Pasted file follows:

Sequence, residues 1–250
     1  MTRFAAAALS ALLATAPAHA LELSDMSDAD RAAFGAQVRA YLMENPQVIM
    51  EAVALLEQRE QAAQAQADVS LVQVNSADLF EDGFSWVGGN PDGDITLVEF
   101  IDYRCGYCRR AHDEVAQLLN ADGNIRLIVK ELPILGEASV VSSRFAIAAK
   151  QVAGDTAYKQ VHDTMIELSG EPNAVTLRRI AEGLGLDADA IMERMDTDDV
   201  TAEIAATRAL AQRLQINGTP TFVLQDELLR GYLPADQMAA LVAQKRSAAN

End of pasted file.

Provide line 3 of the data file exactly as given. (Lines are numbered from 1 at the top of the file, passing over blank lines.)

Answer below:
    51  EAVALLEQRE QAAQAQADVS LVQVNSADLF EDGFSWVGGN PDGDITLVEF